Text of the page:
May 7, 2012
Initiatives, Referendums & Referrals, Oh My…..
One of the least used tools at the disposal of the citizens of Oregon is the state’s liberal initiative, referendum, and referral process. It was a system designed as a way for the citizens to have checks and balances over local and state government.
Initiative petitions are filed when an individual or group of individuals want to amend, change or rescind existing law. People can file an initiative petition at any time and the petitioners have up to two years to gather enough qualifying signatures. The criterion of the initiative process allows it to be an offensive tool enabling the initiates to pick the time and place to enact the process.
People use Referendum petitions to approve or reject legislation adopted by the state legislature or the governing body of a city, county, or special district. An ordinance has to be enacted before a referendum can be filled and it has to be done immediately afterwards. The lawmakers created the referendum process as a defensive tool, so people can stop bad legislation at its inception.
The state legislature or a local governing body are the responsible parties for placing a Referral on the ballot, so the voters can decide the question on whether or not to enact an amendment. Politicians can refer to the people when new amendments or ordinances are too controversial for our representatives to deliberate.
There are many times when elected officials make the wrong decisions and the utilization of these tools must become the priority of activists. The Secretary of State’s website www.oregonvotes.org has all the manuals and forms needed to learn and initiate our system of government and the people have no excuse for not taking advantage.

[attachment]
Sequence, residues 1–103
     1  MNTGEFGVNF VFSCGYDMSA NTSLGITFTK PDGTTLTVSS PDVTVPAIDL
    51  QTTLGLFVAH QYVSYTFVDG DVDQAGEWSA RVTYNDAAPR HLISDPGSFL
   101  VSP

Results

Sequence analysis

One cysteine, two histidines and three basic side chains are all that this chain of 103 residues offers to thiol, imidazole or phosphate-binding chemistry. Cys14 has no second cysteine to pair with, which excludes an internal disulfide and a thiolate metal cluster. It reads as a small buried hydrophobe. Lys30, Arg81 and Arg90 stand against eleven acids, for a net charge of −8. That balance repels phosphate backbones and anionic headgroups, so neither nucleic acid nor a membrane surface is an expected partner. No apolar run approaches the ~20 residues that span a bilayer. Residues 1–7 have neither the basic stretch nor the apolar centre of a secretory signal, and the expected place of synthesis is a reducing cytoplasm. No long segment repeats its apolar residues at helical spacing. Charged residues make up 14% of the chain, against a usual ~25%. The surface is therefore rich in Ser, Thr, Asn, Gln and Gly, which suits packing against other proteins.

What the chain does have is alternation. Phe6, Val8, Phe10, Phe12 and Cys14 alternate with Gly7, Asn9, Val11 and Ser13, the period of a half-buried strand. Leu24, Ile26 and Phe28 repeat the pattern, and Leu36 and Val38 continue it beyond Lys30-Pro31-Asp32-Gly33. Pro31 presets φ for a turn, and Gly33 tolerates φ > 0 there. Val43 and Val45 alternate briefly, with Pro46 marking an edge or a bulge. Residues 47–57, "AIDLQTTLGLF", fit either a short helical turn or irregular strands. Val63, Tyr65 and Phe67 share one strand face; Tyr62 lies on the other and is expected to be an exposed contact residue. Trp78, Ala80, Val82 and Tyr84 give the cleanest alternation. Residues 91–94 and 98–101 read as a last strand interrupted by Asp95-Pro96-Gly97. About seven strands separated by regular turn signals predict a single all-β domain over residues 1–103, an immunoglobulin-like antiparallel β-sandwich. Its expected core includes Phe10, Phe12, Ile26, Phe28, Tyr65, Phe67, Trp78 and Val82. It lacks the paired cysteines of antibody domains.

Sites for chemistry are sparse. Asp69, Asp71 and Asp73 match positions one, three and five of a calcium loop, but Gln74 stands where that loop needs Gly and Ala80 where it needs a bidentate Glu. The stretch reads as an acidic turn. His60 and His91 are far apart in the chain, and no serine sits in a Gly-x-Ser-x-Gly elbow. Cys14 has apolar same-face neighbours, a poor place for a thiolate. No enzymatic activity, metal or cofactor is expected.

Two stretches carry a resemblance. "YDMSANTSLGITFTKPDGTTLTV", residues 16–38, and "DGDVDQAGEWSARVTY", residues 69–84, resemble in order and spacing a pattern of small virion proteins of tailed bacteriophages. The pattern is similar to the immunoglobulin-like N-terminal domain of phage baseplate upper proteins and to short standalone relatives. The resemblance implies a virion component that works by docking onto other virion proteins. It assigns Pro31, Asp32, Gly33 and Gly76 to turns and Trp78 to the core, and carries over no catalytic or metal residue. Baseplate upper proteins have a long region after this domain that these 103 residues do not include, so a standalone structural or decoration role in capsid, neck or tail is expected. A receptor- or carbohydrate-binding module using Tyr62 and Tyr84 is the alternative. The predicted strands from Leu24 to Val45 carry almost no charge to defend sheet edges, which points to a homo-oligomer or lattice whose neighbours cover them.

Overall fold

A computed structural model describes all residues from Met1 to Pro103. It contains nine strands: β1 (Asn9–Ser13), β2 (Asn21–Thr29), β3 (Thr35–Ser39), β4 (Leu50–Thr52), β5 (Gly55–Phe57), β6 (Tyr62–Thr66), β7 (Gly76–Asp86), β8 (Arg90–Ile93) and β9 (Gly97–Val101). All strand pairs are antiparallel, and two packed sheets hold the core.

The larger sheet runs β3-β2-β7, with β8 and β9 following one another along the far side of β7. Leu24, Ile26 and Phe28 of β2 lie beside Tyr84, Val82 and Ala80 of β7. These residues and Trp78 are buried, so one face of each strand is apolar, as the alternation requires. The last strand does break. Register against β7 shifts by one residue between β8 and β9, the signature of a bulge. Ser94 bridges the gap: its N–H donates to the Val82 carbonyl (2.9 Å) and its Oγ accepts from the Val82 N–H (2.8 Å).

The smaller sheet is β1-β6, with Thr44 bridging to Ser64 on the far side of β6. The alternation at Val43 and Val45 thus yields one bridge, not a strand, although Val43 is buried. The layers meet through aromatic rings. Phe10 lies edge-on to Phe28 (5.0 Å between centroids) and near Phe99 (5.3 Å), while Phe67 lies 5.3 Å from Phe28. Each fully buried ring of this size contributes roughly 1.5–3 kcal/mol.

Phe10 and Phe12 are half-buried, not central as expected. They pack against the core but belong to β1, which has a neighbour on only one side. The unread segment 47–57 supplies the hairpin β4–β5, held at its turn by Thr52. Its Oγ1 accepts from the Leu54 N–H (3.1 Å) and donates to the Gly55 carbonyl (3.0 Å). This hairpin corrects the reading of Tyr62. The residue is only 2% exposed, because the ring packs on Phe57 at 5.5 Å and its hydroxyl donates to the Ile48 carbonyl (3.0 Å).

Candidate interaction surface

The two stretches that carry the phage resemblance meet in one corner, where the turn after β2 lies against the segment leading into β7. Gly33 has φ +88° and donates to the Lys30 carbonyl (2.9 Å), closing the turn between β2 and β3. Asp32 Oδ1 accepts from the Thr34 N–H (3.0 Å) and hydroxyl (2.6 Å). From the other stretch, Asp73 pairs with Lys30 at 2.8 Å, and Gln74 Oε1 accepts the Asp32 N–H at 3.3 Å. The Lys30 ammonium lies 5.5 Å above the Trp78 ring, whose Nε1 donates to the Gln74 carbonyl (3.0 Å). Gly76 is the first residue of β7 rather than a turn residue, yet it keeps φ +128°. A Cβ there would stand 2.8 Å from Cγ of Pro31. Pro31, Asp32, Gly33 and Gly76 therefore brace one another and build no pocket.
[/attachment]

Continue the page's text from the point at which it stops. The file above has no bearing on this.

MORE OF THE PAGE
The First Urban Renewal Initiative of the Season
It was very disappointing when the Referendum petition on the Bandon Resolution failed to attain enough signatures to qualify for the ballot. We collected a total of 288 signatures. The County Elections officer accepted 275 and validated only 151 of those signatures and that deficiency caused us to miss the mark by a slim margin of 28 valid signatures of the 179 that were required to put the measure on the ballot.
It was an unusually high percentage of rejected signatures. However, most of them that were rejected came from registered voters who lived just outside of the city limit.
Since it was our first attempt at filing a referendum and because it failed, we will have to revise our strategy on gathering signatures, so we can refine and practice the process. The best way to do that is to file another petition, this time an Initiative Petition.
On May 7, 2012, Mrs. Joan Calhoun and I decided to file an Initiative Petition for the Urban Renewal
Amendment in the city of Bandon. It is the same measure passed by 70% of the voters in Clackamas County
last year. The amendment would force the city’s Urban Renewal Agency to go to the voters anytime the agency
makes any substantial changes to their urban renewal plans, such as increasing the maximum indebtedness, expanding the urban renewal area or extending the length of time the agency’s plan can remain active.
Eventually, our group plans on filing that same initiative for the Coos Bay, North Bend and the Coquille Urban Renewal Agencies.
The Board of Commissioners is working on a similar measure for the county’s Urban Renewal Agency. This would be a Referral by the commissioners if the amendment passes two readings before the board. People need to call the Coos County commissioners and tell them to put the Urban Renewal Amendment on the ballot
and let the voters decide if more debt for private development is more important than hospitals, schools, fire departments, and the community college.
If you would like to volunteer to collect signatures for the Urban Renewal Initiative in Bandon, then
please email your contact information to email@example.com, or to find out more visit our website at www.CoosCountyWatchdog.com. Contact us if you live inside the city limits of Bandon and want to sign the petition, because every signature is another step towards the goal of limiting the power of authority.
“Rob Taylor was the original organizer of the TEA Parties in Coos County and is currently an independent activist working to promote the rights of the individual.”